Food truck gets support from Barstool Fund following emotional plea for help
Dough Boy Fresh Pretzel Co. owner Jeff Carter was forced to close because of the coronavirus pandemic right before the food truck was going to expand into a building.
Dough Boy Fresh Pretzel Co. in Baltimore got financial support from the Barstool Fund after the owner, Jeff Carter, submitted an emotional plea for help and now he is paying it forward.
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The former food truck owner turned wholesaler told "Cavuto: Coast to Coast" on Monday that he feels “an immense amount of responsibility" to do something charitable himself after receiving assistance.
“Not everyone gets this opportunity so what we do is we host food trucks on our site, on our lot, four times a week,” Carter said, adding that donations raised go straight to those food trucks.
“We’ve been blessed, but there’s still people hurting,” he added, noting that “we know how tough winters are, not even when COVID is around.”
Carter submitted an emotional plea for help from the Barstool Fund around Christmas. In the video he said, “I’ve offered help to everyone and anyone that I possibly could and now is the time that I ask for help because we truly need it.”
Carter explained that he was forced to shut down due to coronavirus restrictions shortly before Dough Boy Fresh Pretzel Co. was scheduled to have a grand opening on their production facility.
“Dough Boy Fresh started as a food truck in Baltimore about three years ago, we’re coming up on four now,” Carter said. “We were operating for about three years as a food truck and we had a building lined up. We started a production facility. We wanted to do a wholesale line of products for other restaurants.”
“We had a whole summer planned with our food truck. We wanted the building to service that,” he continued.
“We got licensed on March the 8th. We had a grand opening set for the first weekend in April and obviously, that didn’t happen with COVID and everything.”
He stressed that it was difficult to plan anything when they “were pivoting back and forth” due to coronavirus restrictions.
Carter noted that there were times over the past few months “that we could still operate with the food truck and then there were times where we could do carryout out of the building and now we focus solely on the wholesale line.”
“We actually ended up selling the food truck just to keep us going and it was just a constant pivot,” he said.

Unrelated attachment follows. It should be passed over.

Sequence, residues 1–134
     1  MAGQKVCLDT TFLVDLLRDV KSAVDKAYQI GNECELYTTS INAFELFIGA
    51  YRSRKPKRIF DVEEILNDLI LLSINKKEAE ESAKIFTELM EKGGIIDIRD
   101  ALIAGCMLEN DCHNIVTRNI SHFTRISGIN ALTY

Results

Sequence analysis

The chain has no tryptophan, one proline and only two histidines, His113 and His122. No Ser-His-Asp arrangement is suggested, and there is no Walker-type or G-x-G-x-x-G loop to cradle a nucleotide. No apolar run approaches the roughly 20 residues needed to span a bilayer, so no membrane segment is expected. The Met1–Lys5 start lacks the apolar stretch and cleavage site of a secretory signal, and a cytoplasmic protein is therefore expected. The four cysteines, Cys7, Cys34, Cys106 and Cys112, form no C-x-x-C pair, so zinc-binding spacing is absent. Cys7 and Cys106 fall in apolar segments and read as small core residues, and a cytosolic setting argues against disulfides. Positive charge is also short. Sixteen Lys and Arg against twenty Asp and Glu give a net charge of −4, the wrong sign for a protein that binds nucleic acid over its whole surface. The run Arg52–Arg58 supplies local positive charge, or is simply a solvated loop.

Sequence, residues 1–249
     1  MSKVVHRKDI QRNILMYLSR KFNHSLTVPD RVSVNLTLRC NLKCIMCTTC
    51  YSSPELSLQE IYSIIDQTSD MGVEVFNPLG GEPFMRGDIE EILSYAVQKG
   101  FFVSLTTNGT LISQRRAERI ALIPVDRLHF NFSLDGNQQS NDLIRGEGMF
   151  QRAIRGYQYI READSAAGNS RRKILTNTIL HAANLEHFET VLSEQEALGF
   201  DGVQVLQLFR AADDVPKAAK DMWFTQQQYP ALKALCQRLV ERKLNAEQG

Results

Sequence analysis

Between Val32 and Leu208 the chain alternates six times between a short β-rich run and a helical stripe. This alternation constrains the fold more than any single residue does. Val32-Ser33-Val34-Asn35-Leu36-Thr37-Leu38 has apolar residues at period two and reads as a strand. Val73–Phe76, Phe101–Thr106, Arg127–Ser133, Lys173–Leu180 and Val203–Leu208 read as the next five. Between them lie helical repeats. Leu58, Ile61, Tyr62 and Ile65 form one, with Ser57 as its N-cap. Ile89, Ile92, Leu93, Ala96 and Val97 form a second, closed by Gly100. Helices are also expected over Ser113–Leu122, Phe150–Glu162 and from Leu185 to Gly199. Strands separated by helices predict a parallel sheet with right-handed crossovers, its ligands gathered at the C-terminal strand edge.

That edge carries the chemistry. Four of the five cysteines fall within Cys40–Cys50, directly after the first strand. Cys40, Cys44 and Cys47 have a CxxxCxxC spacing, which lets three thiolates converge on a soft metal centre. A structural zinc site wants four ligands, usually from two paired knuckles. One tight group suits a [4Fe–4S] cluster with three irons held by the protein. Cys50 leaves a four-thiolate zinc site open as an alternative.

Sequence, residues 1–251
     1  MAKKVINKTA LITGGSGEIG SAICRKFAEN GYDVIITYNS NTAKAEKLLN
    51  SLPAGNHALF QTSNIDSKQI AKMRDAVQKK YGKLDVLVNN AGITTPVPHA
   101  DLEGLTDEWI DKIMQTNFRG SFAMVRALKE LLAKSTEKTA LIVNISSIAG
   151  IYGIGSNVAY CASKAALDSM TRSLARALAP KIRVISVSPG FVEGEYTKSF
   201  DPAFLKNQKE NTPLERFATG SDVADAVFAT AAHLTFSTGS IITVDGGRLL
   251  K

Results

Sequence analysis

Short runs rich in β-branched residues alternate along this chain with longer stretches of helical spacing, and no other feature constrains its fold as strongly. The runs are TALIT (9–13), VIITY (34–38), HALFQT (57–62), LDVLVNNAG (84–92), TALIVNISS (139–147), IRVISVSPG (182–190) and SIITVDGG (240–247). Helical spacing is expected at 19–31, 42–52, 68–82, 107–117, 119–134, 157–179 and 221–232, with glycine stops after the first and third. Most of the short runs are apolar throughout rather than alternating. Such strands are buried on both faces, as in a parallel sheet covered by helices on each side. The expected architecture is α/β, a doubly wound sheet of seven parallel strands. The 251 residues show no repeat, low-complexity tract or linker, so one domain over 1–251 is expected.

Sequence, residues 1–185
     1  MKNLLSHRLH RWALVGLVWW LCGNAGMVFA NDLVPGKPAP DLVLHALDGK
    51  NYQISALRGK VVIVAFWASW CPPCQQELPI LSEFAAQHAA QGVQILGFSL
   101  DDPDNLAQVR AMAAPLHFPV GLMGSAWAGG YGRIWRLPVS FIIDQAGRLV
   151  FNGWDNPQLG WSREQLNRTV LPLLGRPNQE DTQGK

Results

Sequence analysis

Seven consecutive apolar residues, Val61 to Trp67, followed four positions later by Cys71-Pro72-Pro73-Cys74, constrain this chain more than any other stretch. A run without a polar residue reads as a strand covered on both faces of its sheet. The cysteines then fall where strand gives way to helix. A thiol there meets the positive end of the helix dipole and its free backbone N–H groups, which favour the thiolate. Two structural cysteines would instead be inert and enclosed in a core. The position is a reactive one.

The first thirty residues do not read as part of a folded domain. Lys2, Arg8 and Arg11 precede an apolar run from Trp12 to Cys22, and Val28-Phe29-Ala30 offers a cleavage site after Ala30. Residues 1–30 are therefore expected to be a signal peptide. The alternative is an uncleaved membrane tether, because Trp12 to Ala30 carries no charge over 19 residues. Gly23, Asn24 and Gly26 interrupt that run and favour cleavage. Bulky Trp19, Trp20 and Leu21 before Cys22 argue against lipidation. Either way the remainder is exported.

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He explained that he filmed the video for the Barstool Fund around Christmas, which is a “very important time” for him and his company.
“I learned actually how to make dough from my grandmother,” Carter said, pointing out that he even has her recipe tattooed on his arm.
“Unfortunately this was actually the first Christmas that I didn’t have my grandmother with me. She passed away in July. It was from a COVID quarantine so I wasn’t able to see her.”
He added that on Christmas morning he couldn’t sleep because he “had about a month left of funds.”
“I saw what Barstool was doing and I decided to share the story about my grandmother, emotions just overcame me,” Carter said, describing what he was feeling as he filmed the video and shared how important the business was to locals
“That’s all we do is we support local, all of our ingredients are local, all of our events are local, everywhere we go is local, and we didn’t have that anymore,” Carter said.
“Barstool saw us hurting and Barstool helped,” he said.
Carter was one of 74 small business owners struggling during the pandemic that has received financial support from the Barstool Fund as of Monday afternoon.
The Barstool Fund has raised more than $16.9 million from more than 139,000 supporters as of Monday.
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Dave Portnoy, founder of media company Barstool Sports, started the fundraising effort last month along with the nonprofit 30 Day Fund, aiming to assist small businesses impacted by COVID-19. He contributed $500,000 of his own money toward the effort.
Portnoy introduced the fund in a Dec. 17 tweet, saying businesses could submit stories to [email protected] to be considered for the fund.
Carter said that during the pandemic “91 cents on every dollar that came into my business this year went straight to my employees.”
“That’s not what you want your operating cost or your labor cost to be so what Barstool generously has done has now pledged $15,000 a month to go straight toward our payroll,” he added.
Barstool is continuing to accept applications from small businesses to take part in the Barstool Fund and submissions can be sent to [email protected]
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FOX Business’ Audrey Conklin contributed to this report.
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